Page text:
The Google entry (not always to be trusted I accept) describes Turing as `an English mathematician, logician, cryptanalyst and computer scientist’ in that order. The encyclopedia britannica says has was a ` British mathematician and logician, who made major contributions to mathematics, cryptanalysis, logic, philosophy, and biology and to the new areas later named computer science, cognitive science, artificial intelligence, and artificial life.’
          To refer to him, as the article does, and never call him a mathematician is simply incorrect.

          1. NERD FIGHT! :-)

          2. Sheesh. The fact you deny Alan Turing’s work in the what he offered to Computing because of some silly “I’m the only gay mathematician” nonsense is puerile. And no one here is interested in your lecturing position, the internet is full of so-called experts who haven’t a clue either what their going on about.

            Every other scientist and engineer respect what Turing did for computing. You don’t. Big deal.

          3. “By your comments you seem to be confusing computer science with computer engineering and software engineering”

            I am doing nothing of the sort, I am merely referring to “Computer Science” as a whole, including all disciplines under that umbrella. You are making silly separations that do not exist in the real world of computer science (look under IEEE definitions of Computer Science”), as most software engineers are familiar with engineering principles and vice versa. You are being pedantic and insular for no reason here, and as such I have little faith that you know what you are talking about. No matter, its of no relevance really. Turing will be continued to be hailed as one of the fathers of modern computing, and by the rest of the scientific and engineering community, regardless of your hair-splitting or belief in the contrary.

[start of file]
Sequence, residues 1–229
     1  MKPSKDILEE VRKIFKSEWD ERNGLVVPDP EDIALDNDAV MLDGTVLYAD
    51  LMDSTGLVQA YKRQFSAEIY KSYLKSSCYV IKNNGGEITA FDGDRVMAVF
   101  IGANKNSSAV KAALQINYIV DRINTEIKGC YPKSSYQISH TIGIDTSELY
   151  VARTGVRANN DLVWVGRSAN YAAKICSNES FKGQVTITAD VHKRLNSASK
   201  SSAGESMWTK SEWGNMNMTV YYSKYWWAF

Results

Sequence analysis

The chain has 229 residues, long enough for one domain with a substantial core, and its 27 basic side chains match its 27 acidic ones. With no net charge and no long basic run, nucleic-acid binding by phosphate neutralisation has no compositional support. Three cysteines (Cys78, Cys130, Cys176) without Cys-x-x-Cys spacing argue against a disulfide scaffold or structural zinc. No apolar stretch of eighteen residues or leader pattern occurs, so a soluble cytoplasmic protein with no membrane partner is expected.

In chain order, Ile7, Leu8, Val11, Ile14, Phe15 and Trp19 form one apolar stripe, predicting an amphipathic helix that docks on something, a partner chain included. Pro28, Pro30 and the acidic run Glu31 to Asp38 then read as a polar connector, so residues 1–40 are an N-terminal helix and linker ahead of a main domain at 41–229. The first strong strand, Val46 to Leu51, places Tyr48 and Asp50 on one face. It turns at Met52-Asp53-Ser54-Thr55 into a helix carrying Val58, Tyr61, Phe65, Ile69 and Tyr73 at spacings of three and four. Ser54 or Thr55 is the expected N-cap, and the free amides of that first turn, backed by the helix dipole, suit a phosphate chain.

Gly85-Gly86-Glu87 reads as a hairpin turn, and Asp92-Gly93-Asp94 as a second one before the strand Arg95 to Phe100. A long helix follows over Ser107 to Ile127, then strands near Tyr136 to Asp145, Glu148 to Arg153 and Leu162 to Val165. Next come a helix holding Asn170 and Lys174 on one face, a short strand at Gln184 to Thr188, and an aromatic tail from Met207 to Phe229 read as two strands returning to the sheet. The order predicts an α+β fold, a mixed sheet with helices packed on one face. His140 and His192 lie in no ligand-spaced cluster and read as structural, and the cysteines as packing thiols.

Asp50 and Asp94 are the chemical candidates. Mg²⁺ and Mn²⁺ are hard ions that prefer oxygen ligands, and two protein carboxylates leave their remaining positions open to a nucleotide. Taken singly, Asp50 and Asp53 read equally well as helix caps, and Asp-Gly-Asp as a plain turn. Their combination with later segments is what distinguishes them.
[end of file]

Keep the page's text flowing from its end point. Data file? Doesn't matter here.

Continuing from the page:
13. He cracked the enigma code, he basically saved the world. He deserves a posthumous knighthood for his services to this country and western world.

  14. Shame,shame.This gay man of
    such a bright giving mind,should
    have been treated with honor,
    not condemed.
    As I hear people sing “America
    The Beautiful,” I think, so sad, that few know source of this beautiful song, they sing so loudly and proudly.
    Wise up world. We have a history rich in honorables.8

  15. Fantastic man, didn’t deserve to get treated like he did for the way he felt
    R.I.P

  16. Sheesh. The fact you deny Alan Turing’s work in the what he offered to Computing because of some silly “I’m the only gay mathematician” nonsense is puerile. And no one here is interested in your lecturing position, the internet is full of so-called experts who haven’t a clue either what their going on about too.

    Every other scientist and engineer respect what Turing did for computing. You don’t. Big deal.